This is because Enel already has gained some experience of multicomparto choice in its other pension plan, Fonedenel, a DC plan for managers. Stefano Pighini, holdings finance manager at Enel’s headquarters in Rome, says: “Fondenel was set up as a defined contribution scheme in 1998 but it was not fully under L 124 (the law governing the new closed DC plans) so we were able to pass quickly from monocomparto to multicomparto in 1999. Since then it has been run with four lines of investment, and that has given us a lot of experience.”
Fopen submitted an application to the Commissione Vigilanza (Covip) in May but does not expect to introduce a multicomparto scheme for another six months, says Pighini. “Very detailed questions are asked before approval is given.”
This slows down the approval process. However, Pighini suggests Fonchim’s multicomparto could provide Covip with a model for other funds. “This could act as a benchmark, and the other funds will have to follow it to get the Commission’s approval.”
A smooth and swift passage from monocomparto into multicomparto is important if the closed DC plans are to increase the returns they offer to plan members. Gennaro Amore, vice president of Deutsche Asset Management’s office in Rome, points out that the performance of the new closed DC funds must at least match the guaranteed returns of the TFR , Italy’s system of severance pay, if funds are to increase both their assets and the returns on these assets.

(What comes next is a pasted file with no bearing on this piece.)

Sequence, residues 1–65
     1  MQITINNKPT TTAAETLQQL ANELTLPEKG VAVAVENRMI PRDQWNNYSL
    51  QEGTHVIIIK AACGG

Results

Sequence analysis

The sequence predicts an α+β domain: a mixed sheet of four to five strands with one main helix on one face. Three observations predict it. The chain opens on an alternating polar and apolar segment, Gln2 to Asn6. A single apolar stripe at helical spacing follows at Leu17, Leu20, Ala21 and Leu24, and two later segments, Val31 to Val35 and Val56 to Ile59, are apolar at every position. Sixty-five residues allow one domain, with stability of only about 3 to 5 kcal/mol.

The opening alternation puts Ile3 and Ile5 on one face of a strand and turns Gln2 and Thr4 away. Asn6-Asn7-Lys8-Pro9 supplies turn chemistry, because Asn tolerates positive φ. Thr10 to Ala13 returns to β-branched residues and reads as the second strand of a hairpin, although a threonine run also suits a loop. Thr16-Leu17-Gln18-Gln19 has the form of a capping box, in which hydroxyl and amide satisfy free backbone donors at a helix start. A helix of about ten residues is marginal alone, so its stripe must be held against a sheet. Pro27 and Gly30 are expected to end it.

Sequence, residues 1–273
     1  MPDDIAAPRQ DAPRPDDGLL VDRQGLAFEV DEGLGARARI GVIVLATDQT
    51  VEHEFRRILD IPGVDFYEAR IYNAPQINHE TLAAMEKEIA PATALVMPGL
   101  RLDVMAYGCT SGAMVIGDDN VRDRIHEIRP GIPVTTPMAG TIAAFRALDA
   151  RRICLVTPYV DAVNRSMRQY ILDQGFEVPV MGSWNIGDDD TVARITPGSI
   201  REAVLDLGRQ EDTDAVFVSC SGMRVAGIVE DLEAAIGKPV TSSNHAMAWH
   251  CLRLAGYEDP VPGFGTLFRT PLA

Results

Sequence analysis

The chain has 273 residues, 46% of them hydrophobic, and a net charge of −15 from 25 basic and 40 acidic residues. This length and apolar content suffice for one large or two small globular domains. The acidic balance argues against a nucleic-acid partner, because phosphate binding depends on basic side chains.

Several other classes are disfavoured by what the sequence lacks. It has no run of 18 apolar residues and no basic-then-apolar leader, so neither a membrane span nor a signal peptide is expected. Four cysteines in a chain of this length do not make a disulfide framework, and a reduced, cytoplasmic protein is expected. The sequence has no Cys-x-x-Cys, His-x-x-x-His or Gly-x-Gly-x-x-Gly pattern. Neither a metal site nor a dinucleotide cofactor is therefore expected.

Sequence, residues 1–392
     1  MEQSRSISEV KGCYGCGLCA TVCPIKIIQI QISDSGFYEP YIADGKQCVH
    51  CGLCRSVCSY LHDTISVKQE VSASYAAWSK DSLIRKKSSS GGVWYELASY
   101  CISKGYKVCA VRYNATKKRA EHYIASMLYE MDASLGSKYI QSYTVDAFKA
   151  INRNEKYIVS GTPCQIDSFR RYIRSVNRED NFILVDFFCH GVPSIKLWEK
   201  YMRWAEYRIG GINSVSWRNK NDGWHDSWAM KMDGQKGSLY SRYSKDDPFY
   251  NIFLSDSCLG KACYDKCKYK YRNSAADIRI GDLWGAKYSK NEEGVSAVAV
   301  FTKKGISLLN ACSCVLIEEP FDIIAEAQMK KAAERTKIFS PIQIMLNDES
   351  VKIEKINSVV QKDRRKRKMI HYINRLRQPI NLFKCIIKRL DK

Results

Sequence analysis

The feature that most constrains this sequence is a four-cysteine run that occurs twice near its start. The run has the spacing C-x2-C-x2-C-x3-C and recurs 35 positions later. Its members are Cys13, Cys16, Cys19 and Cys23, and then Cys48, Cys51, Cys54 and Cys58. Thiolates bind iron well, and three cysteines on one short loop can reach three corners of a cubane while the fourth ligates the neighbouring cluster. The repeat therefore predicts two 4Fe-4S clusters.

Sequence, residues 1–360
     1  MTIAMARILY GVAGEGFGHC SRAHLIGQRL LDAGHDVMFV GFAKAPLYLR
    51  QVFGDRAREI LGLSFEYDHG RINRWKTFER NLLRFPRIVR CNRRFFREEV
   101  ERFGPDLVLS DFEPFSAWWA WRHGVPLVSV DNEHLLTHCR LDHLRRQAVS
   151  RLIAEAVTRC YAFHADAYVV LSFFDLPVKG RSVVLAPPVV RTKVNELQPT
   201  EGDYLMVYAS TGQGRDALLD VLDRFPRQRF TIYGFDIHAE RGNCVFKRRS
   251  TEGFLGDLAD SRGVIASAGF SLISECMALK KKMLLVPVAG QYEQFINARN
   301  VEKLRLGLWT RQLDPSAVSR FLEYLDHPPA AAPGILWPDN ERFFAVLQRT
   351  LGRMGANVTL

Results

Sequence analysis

“The change from monocomparto to multi is one of the keys that could unlock the flow of TFR finds into DC schemes. At the moment there is a lot of risk-free asset allocation. Pension funds have 80% in bonds and the duration is very short.
This reduces risk but does not produce returns. “In the last six months they have outperformed the benchmark but they have not outperformed the TFR. We saw returns of minus 6.5% on the portfolios against 3.2% on the TFR So if you are going to persuade people to join the new DC schemes you are going to have to improve the returns, and only a move to multicomparto can do that.”
However, people will need advice in the new multicomparto environment, he warns. “My fear is that choices will be solely market-driven, as they are with mutual funds in Italy. When markets go up people buy only equities and when they go down they buy only bonds.”
Amore says there should be a capital guarantee option for workers with less than three years to retirement. “Capital guarantee could help trade unions to convince workers top accept the transfer of TFR to the pension fund.” He also suggests that the model of three basic lines of investment should be only a first step. “Funds should be offering life cyclical investment choices so that they choose different options as their circumstances and needs change.”
The open DC funds with ‘collective participation’. have offered multicomparto investment choice to employees from their inception. However, these are not open to people who qualify for a closed DC scheme. This may change. There are plans before parliament to level the playing field and increase competition between closed DC plans and the open plans.